In most instances — both locally and nationally — planes came too close but without risk of collision; in some, however, fatal consequences were narrowly averted.

      The go-around is seen by controllers as a fairly routine safety procedure that keeps planes out of greater trouble.

      In October, National recorded 39 go-arounds, Dulles had 20 and BWI had three , according to an internal FAA document. Last August, FAA records show at least seven instances in which planes on final approach to National were ordered to go around “due to traffic on the runway.”

      That traffic on the runway could be there because a plane that just landed hasn’t moved out of the way quickly enough or, more likely, a plane cleared for takeoff has dawdled on the runway past the time when the controller expected it to be gone.

      In 2010 the National Transportation Safety Board took an unprecedented step by beginning to investigate the most serious mistakes by air traffic controllers.

      Among the cases under NTSB review are near-collisions between a Boeing 737 and a helicopter in Houston; a Boeing 777 and a small plane in San Francisco; and an Airbus 319 and a Boeing 747 in Anchorage.

      Another case under review is an incident last year near Reagan National Airport that involved an airliner carrying a congressman. Rep. F. James Sensenbrenner Jr. (R-Wis.) demanded an explanation from the FAA after his United Airlines flight bound for National swerved to avoid another jet after the encounter activated the onboard collision avoidance system.

      • Ametia says:

        Ain’t this some shit? And we’re getting patdowns and scans at airports, and teh real threat are incompetent air traffic controllers. SMGDH

    • WTFF?

      I want the air traffic controller FIRED on the fking spot. Don’t start no ish!

  11. rikyrah says:

    Al Sharpton: Media Hypes ‘Black On Black Fight’ Between Black Community And Obama
    by Matt Schneider | 9:15 am, April 18th, 2011

    Al Sharpton shared some fiery remarks at his recent National Action Network Forum: Measuring the Movement. Host Roland Martin asked the panel why President Obama’s poll ratings amongst African Americas had dropped significantly, yet Sharpton disputed the accuracy of such results and instead blamed it on the media.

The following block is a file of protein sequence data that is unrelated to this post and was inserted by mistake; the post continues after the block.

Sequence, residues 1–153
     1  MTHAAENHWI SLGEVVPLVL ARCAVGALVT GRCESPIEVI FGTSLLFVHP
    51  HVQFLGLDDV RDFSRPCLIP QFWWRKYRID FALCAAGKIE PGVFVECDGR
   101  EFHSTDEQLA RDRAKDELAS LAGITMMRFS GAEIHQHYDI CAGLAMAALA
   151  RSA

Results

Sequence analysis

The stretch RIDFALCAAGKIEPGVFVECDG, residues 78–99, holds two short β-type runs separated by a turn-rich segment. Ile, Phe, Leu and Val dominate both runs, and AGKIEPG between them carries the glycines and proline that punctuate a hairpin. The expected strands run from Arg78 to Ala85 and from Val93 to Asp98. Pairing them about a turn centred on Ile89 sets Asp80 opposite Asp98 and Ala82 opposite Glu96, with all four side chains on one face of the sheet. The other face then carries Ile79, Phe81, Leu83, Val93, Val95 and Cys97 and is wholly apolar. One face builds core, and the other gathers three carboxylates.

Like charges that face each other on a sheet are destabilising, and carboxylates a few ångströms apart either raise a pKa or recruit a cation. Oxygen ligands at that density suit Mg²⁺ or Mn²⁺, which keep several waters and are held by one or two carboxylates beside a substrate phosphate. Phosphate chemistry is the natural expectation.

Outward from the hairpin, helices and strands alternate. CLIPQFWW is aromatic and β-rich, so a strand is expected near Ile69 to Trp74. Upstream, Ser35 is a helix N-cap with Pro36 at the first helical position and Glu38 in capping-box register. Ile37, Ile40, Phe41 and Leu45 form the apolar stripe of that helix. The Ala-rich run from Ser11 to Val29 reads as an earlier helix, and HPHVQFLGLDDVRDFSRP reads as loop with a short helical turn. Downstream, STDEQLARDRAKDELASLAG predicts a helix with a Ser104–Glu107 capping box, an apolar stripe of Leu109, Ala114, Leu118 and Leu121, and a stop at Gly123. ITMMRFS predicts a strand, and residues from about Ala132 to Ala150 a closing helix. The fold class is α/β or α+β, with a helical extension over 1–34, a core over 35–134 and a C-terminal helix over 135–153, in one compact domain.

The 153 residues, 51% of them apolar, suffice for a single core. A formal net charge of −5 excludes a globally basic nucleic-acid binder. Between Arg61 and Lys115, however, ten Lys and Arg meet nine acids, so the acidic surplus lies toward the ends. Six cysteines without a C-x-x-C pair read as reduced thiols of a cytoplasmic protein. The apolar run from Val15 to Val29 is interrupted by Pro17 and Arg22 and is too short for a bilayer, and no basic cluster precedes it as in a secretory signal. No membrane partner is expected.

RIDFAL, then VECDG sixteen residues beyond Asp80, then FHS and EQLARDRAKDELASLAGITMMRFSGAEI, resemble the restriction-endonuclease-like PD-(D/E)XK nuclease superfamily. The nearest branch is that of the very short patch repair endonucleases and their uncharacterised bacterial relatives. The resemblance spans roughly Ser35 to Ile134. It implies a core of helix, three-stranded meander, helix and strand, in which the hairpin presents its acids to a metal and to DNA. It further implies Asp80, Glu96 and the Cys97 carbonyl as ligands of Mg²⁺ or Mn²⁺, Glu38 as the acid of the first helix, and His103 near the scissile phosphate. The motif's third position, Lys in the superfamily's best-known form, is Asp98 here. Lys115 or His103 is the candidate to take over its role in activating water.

Martin smartly countered Sharpton suggesting “we believed [polls] when it was high,” yet Sharpton backed up his statement:

    “What the media has tried to do is to have this black on black fight with the black community and President Obama. . . . Some black leaders who have held [Obama] to a higher standard than some of the white presidents including Bill Clinton they called black.”

    Sharpton continued by arguing that Obama is being held to a standard that no other President before had to meet. Finally, when someone from the audience questioned when are the people of color going to form a party to counter the Tea Party, Sharpton proudly pointed to his response to Glenn Beck’s Washington D.C. rally last summer and declared, “we have mobilized and pushed the Tea Party back.”

  12. Ametia says:

    Here it is rikyrah. So these MOFOs will stop at nothing to suppress our votes.

    Voter ID now Kansas law
    Posted: April 18, 2011 – 3:49pm

    By Tim Carpenter
    Gov. Sam Brownback made a fixture of Kansas politics Monday requirements voters present proof of citizenship and photograph affirmation of their identity as the price of participating in elections.

    The measures were long championed by conservatives who expressed apprehension that unauthorized voters were distorting elections through fraudulent means. The rules could spark a legal challenge from voters who feel disenfranchised by the new hurdles to electoral participation.